The players that could lose out would be the mid-sized and small companies, which might baulk at the expense of taking on a placement agent. If these players choose not to establish themselves in the DIFC, that could be a blow to the financial centre.

It would not be good for the asset management industry in the Gulf to squeeze out foreign players, as the local industry is still small. Not counting sovereign wealth funds, there are just 11 locally based asset managers in the Gulf Cooperation Council (GCC) with more than $1 billion under management, according to Tony Hallside, regional director at investment consultancy Investit.

Although the DIFC is seen as one of the more successful of Dubai’s free zones, with some 1,700 funds managed by companies based there, more than 99% of these funds are domiciled offshore, says Hallside. There are fewer than ten funds domiciled in the DIFC itself and about twice that number domiciled onshore in the UAE.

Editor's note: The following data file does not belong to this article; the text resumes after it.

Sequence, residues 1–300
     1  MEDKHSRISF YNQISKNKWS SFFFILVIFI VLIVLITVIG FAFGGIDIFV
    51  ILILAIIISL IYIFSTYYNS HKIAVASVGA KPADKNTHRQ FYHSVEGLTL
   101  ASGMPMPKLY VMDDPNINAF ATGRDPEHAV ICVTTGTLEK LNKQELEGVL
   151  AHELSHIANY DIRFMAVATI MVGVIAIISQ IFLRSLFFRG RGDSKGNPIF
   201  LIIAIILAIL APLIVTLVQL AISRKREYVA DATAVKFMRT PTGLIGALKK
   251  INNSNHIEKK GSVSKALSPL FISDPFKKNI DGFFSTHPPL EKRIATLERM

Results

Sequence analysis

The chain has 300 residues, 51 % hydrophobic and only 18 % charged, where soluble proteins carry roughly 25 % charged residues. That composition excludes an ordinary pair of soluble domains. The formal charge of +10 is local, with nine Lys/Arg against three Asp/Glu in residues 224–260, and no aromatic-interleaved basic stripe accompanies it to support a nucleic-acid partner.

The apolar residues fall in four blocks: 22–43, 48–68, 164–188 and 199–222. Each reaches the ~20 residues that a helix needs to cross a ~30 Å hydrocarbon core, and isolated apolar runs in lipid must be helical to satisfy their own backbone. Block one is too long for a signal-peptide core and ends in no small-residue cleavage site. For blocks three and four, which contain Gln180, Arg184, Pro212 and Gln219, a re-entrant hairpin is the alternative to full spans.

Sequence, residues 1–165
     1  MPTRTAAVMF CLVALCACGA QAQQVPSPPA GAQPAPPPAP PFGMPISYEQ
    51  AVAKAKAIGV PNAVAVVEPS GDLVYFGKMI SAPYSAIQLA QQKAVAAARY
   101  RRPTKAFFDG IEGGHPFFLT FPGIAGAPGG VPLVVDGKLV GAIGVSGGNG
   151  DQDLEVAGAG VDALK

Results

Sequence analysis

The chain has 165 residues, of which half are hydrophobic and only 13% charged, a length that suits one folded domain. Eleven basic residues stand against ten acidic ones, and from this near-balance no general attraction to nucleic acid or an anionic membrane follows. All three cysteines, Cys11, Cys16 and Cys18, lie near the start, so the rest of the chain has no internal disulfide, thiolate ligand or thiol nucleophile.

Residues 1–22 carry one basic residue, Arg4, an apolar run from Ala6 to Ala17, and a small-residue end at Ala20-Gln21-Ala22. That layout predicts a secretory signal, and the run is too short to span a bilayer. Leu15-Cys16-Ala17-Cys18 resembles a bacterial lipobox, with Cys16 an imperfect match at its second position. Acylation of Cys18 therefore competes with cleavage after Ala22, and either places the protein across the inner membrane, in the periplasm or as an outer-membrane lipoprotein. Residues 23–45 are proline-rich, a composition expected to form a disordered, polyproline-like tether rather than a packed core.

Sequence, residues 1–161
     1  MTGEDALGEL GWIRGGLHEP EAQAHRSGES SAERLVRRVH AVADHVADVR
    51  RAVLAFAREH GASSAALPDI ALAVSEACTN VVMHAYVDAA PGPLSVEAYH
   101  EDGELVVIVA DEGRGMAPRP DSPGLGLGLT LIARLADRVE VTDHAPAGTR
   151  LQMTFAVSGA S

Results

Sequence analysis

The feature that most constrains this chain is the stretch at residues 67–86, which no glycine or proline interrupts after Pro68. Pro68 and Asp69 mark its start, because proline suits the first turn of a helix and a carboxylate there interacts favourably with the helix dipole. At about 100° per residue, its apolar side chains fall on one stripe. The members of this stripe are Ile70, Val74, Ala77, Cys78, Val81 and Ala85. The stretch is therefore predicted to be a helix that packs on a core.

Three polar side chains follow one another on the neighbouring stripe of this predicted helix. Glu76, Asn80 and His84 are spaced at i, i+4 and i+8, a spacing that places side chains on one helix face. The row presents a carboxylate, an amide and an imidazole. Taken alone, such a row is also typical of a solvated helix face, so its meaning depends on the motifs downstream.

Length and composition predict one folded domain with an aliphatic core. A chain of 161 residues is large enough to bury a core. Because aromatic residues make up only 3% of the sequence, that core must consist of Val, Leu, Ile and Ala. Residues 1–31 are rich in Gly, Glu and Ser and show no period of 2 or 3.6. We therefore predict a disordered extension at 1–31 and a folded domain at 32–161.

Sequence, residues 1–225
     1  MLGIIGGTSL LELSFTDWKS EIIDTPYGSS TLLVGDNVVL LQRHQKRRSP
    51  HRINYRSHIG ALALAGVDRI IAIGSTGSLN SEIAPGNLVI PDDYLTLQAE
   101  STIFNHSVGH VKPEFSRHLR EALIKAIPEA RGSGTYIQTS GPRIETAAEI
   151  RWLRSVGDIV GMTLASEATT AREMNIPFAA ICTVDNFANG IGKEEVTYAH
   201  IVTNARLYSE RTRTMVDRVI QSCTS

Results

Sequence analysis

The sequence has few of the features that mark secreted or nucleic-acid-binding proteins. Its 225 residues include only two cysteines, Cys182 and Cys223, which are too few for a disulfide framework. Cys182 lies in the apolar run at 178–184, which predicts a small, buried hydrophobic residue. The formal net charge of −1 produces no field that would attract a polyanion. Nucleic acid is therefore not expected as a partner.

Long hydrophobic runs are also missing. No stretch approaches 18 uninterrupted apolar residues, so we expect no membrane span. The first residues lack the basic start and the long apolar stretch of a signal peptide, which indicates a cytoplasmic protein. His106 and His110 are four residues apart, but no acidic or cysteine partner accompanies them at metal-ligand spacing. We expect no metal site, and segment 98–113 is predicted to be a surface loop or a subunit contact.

The publication of the UAE Investment Fund Regulation might have been a chance to increase the number of onshore funds. Rules for domestic funds are included. However, there are a number of restrictions, notably a 20% limit on investments in foreign markets, unless the SCA gives approval. One source said this limit is likely to deter asset managers that aren’t linked to domestic banks from launching domestic funds.

Meanwhile, Hallside is concerned about the operational problems presented by the new regulations, notably the “mountain of paperwork” it will produce.

The background to the new regulations is a move towards a “twin peaks” model of financial regulation in the UAE, which will split regulatory oversight between the UAE Central Bank and the SCA.

There is also increasing competition to be a Gulf fund domicile. Qatar is trying to set itself up as a regional jurisdiction with its own financial free zone, the Qatar Financial Centre. Meanwhile, in the UAE itself, a second financial centre is in development on Al Maryah Island (formerly Sowwah Island) in Abu Dhabi. If the Sowwah Island centre is not designated as an offshore zone, it could have an advantage over the DIFC, which is considered offshore by SCA’s rules.